Flourine levels in rye grass in the study area in 1993 were between 3.0 mg/kg dm at the sampling point Brieseland and 11.2 mg/kg dm at Tempelhof Airport. The total area mean value was 5.2 mg/kg dm; the mean value at sampling points in surrounding areas was 4.6 mg/kg dm. The inner city value of 5.5 mg/kg dm is clearly high. The limit value of 30 mg/kg dm was not reached.

A comparison of current pollutant accumulation in rye grass with studies by Cornelius et al. 1984 clearly show that the pollution load of Berlin has considerably decreased for certain substances (cf. Fig. 4). Maximum values in 1993, compared to 1981 values, were lead, 43 %; fluorine, 28 %; and sulfur, 67 %. Minimum values in 1993, compared to 1981 values, were lead, 73 %; fluorine, 44 %; and sulfur, 72 %. In 1981, threshold values for pollutant load were reached and/or exceeded. In 1993, the values were substantially lower.

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Fig. 4: Pollutant Contents in Rye Grass at Selected Sampling Points in the Berlin Urban Area in 1981 and 1993
Image: after Cornelius et al. 1984, Kuznik 1993

In spite of the generally reduced pollutant load, lead and sulfur retain potential significance for toxic effects to the ecology and/or plants. Fluorine could cause load on plants at certain locations.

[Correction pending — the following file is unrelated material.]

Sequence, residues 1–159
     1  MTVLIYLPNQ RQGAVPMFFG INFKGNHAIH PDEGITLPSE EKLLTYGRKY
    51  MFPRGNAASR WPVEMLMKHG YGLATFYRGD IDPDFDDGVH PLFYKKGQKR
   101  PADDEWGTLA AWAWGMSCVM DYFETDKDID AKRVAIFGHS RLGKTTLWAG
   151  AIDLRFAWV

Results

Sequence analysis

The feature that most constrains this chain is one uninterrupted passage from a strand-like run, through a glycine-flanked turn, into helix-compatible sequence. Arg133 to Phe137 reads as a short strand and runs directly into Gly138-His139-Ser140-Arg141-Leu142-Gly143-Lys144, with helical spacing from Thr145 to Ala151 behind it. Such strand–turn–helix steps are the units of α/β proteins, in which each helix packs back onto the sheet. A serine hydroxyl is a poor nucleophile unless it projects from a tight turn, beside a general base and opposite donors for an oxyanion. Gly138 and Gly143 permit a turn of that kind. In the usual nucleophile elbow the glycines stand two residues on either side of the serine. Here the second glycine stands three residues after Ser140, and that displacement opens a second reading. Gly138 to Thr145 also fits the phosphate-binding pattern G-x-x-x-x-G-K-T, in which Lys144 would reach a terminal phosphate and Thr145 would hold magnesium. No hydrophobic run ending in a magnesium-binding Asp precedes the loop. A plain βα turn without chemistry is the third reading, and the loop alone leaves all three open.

Map 03.07.4: Accumulation of Organic Pollutants in Green Kale

The map shows the relative burdens of organic pollutants along an east-west transsect in the study area in autumn, 1993. The levels of studied materials underscore high load in the inner city areas. Some sampling points in surrounding areas also showed peak levels. The high motor vehicle dimension figure in inner city boroughs show auto traffic to be a considerable cause of total PAH load.

The average PAH accumulation in terms of fresh weight in the autumn of 1993 was 12 times higher than in the summer of 1994. The ratio between individual sampling points in 1994 was similar to that in 1993, but at a considerably lower level and without local maximum values. It was determined that the danger is particularly high in the winter half-year with the greater use of heating facilities. The effects of high levels in autumn are also to be observed in the outer city areas and/or surrounding areas.